The “Essure” contraceptive is under scrutiny from the U.S. Food and Drug Administration (FDA) over complaints about its safety and effectiveness. A newly released analysis has not done the device any favors.
The study shows that women who were implanted with Essure were ten times more likely, compared with those who had their “tubes tied,” to need surgery within the first year due to complications. Specifically, the Essure return-surgery rate was 2.4% while the return rate for traditional sterilizations was only 0.2%. The analysis also noted that the actual effectiveness of the two procedures in preventing pregnancy were about equal.
Essure, manufactured by the German company Bayer HealthCare, is touted as the only permanent, non-surgical form of birth control on the market. The device is a small nickel-titanium coil that is inserted into the fallopian tubes. When in place, Essure aggravates the surrounding tissue and creates scarring that blocks the passage of sperm. Most of the return surgeries needed by Essure patients observed in the study were related to either complications from the device, the outright removal of the Essure coil, or the removal of the fallopian tubes themselves.
Bayer has accused the study’s authors of drawing a false comparison by trying to contrast Essure with traditional sterilization methods. Officials noted many of the study’s limitations—it was based on a single state’s database, did not include women who were implanted at a private doctor’s office, and a precise breakdown of the follow-up operations was not provided. They also criticized the overall intention of comparing Essure to traditional sterilization, likening it to an apples-to-oranges situation.
Doctors who have more involvement with Essure note that the study would not be able to capture all of the device’s possible complications as well. The FDA has received over 5,000 complaints about Essure since it entered the market in 2001. Many of the reported complications involve bleeding, chronic pain, or other longer-term conditions that would not fall within the study’s purview. The most serious side effects were due to the Essure coils shifting after implantation or becoming embedded in the uterus, fallopian tube, or other nearby tissue.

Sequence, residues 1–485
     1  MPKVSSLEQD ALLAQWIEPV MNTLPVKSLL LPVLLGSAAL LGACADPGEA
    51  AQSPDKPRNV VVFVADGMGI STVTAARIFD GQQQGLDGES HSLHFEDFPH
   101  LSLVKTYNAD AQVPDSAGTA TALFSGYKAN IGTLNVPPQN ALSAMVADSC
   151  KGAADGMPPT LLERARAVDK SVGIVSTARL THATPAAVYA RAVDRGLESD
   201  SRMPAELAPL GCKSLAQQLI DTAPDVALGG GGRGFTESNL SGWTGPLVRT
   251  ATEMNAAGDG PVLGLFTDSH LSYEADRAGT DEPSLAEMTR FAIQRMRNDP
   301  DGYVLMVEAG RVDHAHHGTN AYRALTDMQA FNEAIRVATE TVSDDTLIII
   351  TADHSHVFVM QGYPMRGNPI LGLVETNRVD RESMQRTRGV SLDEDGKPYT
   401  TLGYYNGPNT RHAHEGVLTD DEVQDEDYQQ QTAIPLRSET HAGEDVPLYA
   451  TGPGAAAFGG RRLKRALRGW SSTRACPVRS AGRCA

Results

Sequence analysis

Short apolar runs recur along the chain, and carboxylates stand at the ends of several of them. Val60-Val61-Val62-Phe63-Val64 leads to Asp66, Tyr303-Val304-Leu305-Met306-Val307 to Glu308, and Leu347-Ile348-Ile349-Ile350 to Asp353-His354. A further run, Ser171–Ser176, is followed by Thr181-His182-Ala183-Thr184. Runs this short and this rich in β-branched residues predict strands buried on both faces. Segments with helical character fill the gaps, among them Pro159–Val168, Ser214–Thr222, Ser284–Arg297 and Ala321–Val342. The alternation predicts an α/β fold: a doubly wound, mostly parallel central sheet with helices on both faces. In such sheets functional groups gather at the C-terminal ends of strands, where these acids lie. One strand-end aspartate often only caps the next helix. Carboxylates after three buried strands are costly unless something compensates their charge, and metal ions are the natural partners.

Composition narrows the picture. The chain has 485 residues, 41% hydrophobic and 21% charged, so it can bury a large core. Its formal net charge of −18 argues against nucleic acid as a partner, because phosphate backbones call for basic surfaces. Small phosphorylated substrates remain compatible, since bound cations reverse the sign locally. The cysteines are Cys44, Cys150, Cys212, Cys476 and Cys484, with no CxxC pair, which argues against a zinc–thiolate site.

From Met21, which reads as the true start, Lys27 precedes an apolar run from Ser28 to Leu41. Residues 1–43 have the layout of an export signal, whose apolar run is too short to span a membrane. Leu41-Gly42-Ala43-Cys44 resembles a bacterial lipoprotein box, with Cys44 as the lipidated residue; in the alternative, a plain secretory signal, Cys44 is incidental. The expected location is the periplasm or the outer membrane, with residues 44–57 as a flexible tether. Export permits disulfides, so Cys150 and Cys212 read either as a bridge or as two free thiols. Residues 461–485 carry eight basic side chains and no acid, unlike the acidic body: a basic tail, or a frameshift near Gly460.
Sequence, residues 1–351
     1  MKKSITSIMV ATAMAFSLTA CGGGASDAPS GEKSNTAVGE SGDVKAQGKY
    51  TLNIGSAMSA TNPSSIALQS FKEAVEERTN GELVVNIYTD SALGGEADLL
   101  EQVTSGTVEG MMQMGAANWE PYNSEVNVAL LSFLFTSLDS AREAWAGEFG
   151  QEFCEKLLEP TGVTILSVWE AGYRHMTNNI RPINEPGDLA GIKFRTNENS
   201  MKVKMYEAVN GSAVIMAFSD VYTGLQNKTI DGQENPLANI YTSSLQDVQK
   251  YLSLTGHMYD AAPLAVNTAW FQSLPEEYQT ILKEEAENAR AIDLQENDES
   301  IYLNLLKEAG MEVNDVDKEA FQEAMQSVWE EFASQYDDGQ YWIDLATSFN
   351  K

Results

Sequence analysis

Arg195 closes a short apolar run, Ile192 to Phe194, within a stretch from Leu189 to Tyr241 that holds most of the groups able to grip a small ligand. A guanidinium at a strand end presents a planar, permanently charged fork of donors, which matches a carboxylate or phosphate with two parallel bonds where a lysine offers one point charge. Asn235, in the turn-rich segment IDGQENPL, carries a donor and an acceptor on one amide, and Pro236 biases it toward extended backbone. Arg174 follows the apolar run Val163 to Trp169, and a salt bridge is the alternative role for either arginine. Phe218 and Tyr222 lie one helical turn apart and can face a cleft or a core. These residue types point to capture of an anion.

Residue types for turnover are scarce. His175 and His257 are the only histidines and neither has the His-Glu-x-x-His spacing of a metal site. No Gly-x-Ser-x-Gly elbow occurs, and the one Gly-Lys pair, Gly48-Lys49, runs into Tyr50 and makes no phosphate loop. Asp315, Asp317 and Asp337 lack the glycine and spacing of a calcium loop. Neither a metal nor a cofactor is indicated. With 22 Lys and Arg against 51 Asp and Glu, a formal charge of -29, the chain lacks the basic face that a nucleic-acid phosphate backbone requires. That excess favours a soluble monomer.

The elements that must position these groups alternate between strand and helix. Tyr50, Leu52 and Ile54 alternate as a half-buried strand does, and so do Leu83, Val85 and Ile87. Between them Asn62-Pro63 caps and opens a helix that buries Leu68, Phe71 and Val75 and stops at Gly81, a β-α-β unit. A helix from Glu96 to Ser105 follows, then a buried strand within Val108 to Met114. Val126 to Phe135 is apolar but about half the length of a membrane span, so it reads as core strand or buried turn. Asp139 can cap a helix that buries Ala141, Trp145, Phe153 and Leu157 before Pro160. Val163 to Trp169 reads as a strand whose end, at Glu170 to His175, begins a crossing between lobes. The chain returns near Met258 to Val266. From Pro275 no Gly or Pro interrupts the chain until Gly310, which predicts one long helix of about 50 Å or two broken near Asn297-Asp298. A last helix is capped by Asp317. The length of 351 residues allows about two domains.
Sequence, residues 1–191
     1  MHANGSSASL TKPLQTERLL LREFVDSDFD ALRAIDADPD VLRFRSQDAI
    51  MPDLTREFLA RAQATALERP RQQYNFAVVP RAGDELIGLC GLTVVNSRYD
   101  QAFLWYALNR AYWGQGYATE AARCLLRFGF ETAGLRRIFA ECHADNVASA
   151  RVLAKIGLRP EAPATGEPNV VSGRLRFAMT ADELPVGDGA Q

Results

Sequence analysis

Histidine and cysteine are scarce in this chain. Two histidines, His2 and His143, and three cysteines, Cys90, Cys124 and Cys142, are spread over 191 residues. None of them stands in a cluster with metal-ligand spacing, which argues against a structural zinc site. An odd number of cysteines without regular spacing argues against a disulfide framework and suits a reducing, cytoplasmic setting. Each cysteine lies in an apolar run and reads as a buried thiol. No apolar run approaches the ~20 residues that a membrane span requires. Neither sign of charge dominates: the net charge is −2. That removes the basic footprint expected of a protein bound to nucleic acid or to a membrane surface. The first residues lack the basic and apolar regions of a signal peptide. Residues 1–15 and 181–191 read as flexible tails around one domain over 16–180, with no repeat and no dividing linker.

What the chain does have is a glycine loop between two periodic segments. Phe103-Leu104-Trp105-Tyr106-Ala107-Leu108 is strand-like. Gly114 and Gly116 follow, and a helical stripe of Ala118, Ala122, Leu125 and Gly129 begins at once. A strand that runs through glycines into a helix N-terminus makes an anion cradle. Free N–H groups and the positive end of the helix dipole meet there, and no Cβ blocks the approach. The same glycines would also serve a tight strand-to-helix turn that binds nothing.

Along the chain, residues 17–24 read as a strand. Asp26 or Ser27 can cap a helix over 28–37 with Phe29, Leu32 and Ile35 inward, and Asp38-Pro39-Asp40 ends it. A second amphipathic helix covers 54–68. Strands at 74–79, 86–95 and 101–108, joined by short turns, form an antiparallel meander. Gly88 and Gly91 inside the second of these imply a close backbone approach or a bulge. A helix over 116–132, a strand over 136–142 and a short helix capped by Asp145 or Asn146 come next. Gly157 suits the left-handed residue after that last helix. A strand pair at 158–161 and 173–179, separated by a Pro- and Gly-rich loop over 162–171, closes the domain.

The authors of the study acknowledge some of the limitations of their research, but maintain that their findings show clear “real world” effects of Essure that are not visible in clinical trials. In advocating for more understanding of potential side effects, they advise a larger study that explores a longer follow-up period to properly capture the extent of what are, so far, largely anecdotal reports.
Roughly 600,000 female sterilization procedures are performed in the U.S. each year. Device-based sterilizations, like those using Essure, are becoming increasingly popular as they are seen as generally less invasive options.
Sources for Today’s Article:
Mao, J., “Safety and Efficacy of Hysteroscopic Sterilization Compared with Laparoscopic Sterilization: An Observational Cohort Study,” British Medical Journal, 2015; doi: http://dx.doi.org/10.1136/bmj.h5162.
Rabin, R.C., “Women With Essure Contraceptive Implant Needed More Surgeries, Study Finds,” The New York Times web site, October 13, 2015; http://well.blogs.nytimes.com/2015/10/13/women-with-essure-contraceptive-implant-needed-more-surgeries-study-finds/?ref=health.